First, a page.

As an actor, screenwriter, director, author, columnist and performer, just how does Amrou Al-Kadhi — who identifies as gender non-binary and uses the pronoun ‘they’ — fit everything in? “I’m a full-time creative. I’m very honest with everyone I’m working with. We set up deadlines between us.”
At the forefront of several current projects is the Film4-assisted Layla, which Amrou is writing and directing, a “contemporary Romeo & Juliet” about two lovers caught between separate sects of the gay community at LGBT Pride in London. Also in the works as a writer/performer is Glamrou with the BFI, centring on Al-Kadhi’s drag queen persona, who has performed to great acclaim (including at Edinburgh Fringe Festival) as part of drag troupe Denim. “It’s basically a musical in which a Muslim drag queen is singing to Allah the whole time.”
TV projects include Beards, a story about a queer relationship, created with Game Of Thrones’ Ellie Kendrick, in conjunction with Playground Entertainment and the BBC.
After parts in films including Steven Spielberg’s Munich, a growing frustration at being offered the same clichéd terrorist roles motivated Al-Kadhi to start writing their own scripts. Their intent was “to use my own experience of being a queer Muslim, and to put it on screen.”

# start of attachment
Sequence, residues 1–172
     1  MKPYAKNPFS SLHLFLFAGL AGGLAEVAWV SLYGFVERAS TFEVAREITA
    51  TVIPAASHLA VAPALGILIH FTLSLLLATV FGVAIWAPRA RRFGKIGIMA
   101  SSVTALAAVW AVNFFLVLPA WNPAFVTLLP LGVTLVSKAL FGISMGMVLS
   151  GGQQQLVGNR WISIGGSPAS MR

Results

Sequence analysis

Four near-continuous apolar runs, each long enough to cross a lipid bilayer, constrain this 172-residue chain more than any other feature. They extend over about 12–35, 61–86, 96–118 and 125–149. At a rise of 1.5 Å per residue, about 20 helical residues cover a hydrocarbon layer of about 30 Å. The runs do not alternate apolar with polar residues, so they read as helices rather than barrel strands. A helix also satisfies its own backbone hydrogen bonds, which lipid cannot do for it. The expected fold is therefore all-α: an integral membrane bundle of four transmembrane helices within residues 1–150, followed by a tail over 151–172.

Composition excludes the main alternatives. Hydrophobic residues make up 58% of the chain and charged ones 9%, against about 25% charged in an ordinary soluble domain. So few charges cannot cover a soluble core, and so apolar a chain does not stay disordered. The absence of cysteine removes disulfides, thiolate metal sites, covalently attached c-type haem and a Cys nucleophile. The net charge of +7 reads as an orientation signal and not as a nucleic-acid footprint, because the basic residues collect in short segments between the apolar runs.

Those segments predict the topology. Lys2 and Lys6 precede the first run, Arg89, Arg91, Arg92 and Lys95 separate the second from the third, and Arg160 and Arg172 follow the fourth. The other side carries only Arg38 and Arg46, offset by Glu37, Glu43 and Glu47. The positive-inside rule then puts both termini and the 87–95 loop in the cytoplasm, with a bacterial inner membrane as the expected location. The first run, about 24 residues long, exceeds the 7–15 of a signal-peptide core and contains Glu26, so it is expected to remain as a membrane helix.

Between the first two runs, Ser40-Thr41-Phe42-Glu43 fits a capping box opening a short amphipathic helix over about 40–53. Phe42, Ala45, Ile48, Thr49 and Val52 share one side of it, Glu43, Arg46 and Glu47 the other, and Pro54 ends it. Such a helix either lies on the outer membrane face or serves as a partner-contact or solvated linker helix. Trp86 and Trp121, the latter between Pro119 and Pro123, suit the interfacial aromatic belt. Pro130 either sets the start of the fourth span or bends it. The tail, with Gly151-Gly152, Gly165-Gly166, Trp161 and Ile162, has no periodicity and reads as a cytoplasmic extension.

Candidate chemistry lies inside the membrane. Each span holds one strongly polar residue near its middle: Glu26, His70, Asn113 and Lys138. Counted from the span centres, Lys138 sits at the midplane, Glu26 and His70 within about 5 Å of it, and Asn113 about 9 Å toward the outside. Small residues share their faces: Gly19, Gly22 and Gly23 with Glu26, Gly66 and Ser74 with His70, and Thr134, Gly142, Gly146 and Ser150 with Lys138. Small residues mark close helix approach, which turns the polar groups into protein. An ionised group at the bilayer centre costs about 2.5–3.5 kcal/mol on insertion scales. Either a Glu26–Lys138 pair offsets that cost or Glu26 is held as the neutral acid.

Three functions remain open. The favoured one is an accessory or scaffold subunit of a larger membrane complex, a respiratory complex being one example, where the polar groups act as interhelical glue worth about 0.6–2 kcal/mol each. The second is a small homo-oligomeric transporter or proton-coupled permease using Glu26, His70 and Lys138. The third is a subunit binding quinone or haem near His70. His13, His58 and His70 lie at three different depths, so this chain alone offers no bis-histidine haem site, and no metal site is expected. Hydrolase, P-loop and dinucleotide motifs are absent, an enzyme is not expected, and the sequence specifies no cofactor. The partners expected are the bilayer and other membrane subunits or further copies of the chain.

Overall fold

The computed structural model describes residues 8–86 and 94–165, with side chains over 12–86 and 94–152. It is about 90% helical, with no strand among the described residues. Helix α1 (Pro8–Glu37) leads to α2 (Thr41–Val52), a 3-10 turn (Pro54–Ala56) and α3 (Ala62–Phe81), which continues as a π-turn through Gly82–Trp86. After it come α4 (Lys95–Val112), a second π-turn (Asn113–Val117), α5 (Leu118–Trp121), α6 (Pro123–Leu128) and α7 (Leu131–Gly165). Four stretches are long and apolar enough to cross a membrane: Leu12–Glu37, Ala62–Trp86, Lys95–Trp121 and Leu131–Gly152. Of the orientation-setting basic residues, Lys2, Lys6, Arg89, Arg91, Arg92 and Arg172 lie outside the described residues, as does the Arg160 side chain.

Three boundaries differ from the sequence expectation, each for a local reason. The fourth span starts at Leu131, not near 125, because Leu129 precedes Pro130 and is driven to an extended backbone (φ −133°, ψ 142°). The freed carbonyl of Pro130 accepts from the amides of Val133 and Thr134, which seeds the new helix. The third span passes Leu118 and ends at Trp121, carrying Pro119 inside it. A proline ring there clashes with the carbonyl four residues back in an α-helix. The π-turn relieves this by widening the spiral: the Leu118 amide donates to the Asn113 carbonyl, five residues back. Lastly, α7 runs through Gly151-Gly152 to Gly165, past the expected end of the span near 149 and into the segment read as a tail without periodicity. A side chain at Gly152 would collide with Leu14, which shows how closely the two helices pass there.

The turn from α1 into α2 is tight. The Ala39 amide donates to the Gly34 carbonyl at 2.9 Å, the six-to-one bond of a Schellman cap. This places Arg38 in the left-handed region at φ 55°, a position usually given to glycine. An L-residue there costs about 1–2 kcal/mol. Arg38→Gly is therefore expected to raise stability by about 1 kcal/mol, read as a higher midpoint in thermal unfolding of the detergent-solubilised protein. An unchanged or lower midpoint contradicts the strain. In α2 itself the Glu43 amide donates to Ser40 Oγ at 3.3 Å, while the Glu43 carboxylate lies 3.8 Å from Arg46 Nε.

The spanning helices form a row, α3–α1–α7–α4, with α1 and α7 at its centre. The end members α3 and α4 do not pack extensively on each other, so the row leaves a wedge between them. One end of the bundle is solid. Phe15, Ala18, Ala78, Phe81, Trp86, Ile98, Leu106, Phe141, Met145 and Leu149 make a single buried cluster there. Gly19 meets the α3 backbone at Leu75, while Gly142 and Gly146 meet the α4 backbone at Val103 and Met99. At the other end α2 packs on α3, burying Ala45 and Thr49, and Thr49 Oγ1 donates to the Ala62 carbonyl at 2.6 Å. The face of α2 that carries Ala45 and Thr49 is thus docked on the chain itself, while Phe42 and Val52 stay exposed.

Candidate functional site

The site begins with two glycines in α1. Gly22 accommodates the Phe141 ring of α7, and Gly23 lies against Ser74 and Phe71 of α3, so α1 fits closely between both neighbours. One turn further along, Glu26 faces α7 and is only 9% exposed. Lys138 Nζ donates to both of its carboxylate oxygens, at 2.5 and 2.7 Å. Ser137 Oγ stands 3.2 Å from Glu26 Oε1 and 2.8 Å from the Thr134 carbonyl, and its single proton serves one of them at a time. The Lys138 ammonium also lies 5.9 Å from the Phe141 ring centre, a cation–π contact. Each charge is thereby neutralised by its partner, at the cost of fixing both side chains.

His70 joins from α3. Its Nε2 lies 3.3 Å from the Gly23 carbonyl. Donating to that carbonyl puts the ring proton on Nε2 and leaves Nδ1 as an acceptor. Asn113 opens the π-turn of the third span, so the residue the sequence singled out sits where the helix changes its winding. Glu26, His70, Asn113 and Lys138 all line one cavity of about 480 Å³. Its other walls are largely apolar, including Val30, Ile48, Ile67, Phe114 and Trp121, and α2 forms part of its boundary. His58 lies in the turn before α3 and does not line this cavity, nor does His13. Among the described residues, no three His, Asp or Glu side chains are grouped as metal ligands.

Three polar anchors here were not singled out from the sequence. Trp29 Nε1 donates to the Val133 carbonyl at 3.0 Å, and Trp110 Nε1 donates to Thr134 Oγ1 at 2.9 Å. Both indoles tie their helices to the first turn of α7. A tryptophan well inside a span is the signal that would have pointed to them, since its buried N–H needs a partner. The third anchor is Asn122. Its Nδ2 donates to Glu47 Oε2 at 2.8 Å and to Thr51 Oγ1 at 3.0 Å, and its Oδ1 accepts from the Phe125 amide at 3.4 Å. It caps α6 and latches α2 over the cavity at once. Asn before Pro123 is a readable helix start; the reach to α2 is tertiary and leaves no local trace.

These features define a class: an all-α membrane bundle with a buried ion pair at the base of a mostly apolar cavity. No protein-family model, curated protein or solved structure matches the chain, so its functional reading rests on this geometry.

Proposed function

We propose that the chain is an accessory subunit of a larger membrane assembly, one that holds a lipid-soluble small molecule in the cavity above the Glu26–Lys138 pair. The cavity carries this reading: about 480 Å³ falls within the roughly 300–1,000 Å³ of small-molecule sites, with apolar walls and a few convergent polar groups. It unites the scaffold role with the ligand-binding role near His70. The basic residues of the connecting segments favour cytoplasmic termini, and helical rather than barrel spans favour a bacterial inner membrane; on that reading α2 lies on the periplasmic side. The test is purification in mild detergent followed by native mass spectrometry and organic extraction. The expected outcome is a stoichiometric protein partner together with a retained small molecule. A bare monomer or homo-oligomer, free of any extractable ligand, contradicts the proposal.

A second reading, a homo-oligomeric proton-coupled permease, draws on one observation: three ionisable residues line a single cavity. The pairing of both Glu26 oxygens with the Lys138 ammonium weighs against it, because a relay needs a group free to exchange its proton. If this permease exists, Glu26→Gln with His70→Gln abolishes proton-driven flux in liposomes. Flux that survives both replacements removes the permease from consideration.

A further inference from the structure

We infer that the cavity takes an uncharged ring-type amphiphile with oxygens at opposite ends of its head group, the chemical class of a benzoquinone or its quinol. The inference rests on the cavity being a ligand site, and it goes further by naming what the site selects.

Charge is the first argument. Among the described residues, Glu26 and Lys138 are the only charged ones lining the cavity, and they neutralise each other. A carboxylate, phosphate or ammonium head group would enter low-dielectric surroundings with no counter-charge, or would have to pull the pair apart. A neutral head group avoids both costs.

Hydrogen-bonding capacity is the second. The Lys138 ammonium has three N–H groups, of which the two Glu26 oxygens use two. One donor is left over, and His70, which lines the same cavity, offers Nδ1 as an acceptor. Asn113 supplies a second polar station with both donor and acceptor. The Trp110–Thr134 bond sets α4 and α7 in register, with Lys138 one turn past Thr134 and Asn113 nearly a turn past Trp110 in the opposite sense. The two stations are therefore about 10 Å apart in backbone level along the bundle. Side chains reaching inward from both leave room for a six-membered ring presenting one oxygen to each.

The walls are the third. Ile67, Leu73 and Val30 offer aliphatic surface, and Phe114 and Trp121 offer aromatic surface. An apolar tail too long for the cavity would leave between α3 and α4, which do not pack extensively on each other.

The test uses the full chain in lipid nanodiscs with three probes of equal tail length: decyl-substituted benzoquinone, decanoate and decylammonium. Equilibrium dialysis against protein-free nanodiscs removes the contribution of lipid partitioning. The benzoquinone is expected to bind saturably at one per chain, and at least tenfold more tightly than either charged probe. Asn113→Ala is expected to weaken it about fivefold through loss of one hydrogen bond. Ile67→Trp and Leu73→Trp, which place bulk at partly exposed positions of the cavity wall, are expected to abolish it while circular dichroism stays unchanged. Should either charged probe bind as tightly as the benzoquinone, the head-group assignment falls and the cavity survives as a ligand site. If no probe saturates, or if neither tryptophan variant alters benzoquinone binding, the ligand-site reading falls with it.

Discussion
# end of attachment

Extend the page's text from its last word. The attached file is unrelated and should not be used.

That has come in the shape of four shorts, including Nowness commission Victoria Sin about a female-bodied drag queen, and another short doc, Clash, commissioned by the BFI and BBC. Al-Kadhi’s latest, Anemone, was made with support from BBC Films and Film London, and is about a non-binary Nigerian teenager who becomes a sea anemone. In Al-Kadhi’s words, “It’s queer as fuck!”
Al-Kadhi has written columns and made films about the lack of diversity in the UK creative industries, but how do they find the scene now? “There’s a lot of goodwill… but is there diversity in what people are watching, and want as a ‘good film’? We can change that by having as many diverse filmmakers as possible.”